I have been spending time reading accounts of those who have lost a loved one through suicide on “Alliance of Hope: for suicide survivors“. Reading accounts of those who lost a loved one to suicide when they are in the beginnings stages of grief and guilt ridden brought me back to my early days of trying to survive Aaron’s death. The emotions, grief, guilt, confusion, anger etc is so intense you think your going to die yourself. There are times you think it would be easier to give up than have to endure for another day. You can’t see the future and you can’t know that it happens to all of us who lost a loved one.
To me it was like being thrown into a raging torrent of water that was headed for a waterfall and there was nothing I could do about it. To try to swim against the current was impossible and the reality of going over the edge of that waterfall was a reality that I didn’t want to accept.
That is what it is like in the beginning. You find yourself in this raging torrent of water, sweeping you down stream, knowing that you will be unceremoniously dumped over the edge and down into the river below. Your survival instincts set in trying everything to find a way to stop your forward progress. A tree branch, a log, brushes peeking up over the water’s surface. Anything to stop your forward motion so you can figure a way to get back to the safety of the shore.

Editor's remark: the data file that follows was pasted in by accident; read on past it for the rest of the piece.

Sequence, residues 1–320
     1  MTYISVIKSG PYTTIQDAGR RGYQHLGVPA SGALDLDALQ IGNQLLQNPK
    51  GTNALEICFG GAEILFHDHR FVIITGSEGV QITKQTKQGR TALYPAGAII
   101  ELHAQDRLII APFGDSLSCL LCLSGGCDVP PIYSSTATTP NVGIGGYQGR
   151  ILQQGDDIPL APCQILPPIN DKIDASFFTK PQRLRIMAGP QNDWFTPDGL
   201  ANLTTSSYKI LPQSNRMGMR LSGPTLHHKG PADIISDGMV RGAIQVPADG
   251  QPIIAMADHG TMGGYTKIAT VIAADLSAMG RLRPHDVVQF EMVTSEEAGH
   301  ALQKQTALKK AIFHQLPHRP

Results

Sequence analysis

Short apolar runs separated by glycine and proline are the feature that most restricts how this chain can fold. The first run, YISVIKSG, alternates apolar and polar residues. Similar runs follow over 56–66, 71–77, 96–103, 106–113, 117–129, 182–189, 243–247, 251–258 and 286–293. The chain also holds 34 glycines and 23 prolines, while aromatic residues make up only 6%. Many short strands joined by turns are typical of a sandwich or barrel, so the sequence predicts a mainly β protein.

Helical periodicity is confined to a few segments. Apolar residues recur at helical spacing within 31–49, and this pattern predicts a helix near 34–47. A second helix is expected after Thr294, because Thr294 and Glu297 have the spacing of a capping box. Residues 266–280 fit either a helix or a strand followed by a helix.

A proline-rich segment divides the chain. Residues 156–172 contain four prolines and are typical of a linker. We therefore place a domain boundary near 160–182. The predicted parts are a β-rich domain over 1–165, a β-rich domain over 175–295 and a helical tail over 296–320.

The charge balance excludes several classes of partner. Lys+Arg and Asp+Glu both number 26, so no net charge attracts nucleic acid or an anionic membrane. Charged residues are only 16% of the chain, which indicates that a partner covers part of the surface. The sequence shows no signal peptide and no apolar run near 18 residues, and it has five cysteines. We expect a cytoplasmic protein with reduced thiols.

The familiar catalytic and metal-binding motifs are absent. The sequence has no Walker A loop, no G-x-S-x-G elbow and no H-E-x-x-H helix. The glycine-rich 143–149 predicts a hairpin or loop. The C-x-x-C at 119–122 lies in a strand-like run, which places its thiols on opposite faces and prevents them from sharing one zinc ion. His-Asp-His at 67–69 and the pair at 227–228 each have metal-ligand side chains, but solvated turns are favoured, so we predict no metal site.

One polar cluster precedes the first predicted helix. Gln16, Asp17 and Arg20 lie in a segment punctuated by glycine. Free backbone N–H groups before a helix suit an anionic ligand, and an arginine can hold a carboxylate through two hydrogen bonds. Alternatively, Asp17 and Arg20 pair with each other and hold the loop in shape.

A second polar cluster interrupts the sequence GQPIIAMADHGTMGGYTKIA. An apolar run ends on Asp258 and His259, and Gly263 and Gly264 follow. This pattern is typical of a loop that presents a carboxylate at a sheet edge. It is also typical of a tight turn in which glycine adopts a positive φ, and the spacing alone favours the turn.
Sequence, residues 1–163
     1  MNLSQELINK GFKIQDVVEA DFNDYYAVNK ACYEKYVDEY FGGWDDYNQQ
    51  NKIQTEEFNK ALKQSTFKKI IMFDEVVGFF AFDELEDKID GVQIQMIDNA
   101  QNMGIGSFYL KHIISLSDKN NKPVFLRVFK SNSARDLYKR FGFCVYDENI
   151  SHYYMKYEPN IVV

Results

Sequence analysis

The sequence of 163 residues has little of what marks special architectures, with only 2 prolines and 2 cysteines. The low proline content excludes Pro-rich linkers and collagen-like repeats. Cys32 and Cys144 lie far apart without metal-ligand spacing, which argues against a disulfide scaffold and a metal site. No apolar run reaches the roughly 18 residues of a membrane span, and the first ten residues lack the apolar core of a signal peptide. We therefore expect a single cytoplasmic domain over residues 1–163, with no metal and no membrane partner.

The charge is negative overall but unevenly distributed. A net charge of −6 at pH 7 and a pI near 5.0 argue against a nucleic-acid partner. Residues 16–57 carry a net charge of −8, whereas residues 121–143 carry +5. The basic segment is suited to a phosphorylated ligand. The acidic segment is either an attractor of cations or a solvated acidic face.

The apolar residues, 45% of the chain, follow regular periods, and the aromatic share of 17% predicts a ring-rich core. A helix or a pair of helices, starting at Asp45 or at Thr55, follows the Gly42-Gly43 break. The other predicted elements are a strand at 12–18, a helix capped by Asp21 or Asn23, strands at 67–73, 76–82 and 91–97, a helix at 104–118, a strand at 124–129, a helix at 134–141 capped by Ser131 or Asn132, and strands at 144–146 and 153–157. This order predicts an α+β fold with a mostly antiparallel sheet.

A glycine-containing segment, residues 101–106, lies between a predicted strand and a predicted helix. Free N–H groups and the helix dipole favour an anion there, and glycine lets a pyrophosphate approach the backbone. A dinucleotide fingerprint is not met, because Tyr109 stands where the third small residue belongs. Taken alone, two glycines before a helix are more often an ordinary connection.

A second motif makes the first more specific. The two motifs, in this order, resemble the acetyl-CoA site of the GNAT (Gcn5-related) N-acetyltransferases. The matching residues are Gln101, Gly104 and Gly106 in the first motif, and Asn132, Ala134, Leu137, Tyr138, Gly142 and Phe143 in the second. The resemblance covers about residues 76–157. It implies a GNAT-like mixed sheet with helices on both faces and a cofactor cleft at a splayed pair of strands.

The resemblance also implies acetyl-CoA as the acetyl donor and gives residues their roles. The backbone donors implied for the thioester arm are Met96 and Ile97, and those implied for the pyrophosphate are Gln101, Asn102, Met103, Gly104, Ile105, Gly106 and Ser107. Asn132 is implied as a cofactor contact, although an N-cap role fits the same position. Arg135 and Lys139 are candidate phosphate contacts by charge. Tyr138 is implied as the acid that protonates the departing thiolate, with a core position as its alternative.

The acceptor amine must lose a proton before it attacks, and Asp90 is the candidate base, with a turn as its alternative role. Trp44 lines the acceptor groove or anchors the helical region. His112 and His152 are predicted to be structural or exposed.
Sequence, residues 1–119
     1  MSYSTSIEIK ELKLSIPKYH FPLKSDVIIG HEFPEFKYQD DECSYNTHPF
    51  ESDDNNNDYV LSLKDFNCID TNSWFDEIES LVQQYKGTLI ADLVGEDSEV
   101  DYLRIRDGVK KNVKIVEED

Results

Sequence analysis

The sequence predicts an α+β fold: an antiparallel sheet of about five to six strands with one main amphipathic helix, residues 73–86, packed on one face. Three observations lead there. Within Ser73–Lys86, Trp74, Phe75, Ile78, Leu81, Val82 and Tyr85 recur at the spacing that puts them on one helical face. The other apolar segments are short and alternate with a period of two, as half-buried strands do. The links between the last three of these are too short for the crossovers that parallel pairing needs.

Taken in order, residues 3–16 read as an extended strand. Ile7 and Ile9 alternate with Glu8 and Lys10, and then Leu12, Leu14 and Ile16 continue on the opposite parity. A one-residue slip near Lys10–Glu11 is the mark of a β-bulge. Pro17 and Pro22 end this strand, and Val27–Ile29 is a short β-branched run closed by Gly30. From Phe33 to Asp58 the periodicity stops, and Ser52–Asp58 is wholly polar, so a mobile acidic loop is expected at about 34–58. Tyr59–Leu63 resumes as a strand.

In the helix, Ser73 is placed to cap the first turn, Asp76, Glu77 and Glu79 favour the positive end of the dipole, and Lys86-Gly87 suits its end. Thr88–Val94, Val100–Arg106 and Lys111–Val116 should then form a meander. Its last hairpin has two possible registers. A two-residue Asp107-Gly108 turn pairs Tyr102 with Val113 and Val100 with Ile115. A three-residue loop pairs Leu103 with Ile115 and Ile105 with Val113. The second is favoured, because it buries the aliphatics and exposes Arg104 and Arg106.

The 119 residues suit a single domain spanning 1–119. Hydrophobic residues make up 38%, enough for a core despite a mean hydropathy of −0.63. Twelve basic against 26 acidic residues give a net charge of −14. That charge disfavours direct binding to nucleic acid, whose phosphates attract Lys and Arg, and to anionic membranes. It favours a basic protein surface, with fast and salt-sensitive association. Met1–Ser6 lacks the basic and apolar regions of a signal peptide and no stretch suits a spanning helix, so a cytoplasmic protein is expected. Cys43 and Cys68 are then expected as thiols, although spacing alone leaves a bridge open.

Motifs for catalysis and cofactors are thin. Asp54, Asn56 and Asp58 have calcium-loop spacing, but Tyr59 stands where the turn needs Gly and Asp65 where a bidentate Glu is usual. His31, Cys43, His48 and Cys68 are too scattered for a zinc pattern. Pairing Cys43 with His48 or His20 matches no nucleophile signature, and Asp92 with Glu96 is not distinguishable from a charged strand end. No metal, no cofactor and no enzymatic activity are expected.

That is the problem in the beginning. We weren’t prepared for this terrifying ride, we didn’t plan it, it wasn’t in our life’s itinerary so we didn’t know how to react.
If we were prepared or had the advantage of hindsight then we would learn quickly that there is no branches to grab onto, no brushes to stop our forward progress. We were headed for the water fall and its drop and there wasn’t anything we could do about it. What we didn’t know is that we would survive the drop, we would survive the undertow and the waters would eventually stop its tumultuous washing machine like churning on course to our new destination.
We try in the beginning to fight something that is greater than us not realizing we have been set on a path that we never asked for, taking us to a destination most of us never knew existed nor a place we really didn’t want to go.
I say this with over six years of travelling that river, making it safely over the water’s edge, surviving the drop ino the raging torrent of water that would sweep me down stream away from the comforts of my old life. A journey I didn’t ask for. I am still travelling down that river knowing that I will never be able to go back to where I started.
It wasn’t an overnight acceptance, even when the waters eased I still looked for a way back to the way it was. It actually took me six and a half years to understand this and accept my fate, a fate that has brought me to realizing that my life not only will never be the same but that I was put in this position so that some day I may in some small way help those who are struggling to survive suicide navigate their way down stream.
We who have travelled through this raging torrent know that once you have been thrown into the deep end there is no going back. Life will never be the same but as a consolation to those who are at the beginning stages of this river’s journey there is a place where the waters calm and flow at a more leisurely pace.
You can never go back and once you get far enough down stream away from the danger of the river’s raging torrent, you will understand more fully the new path you have been put on.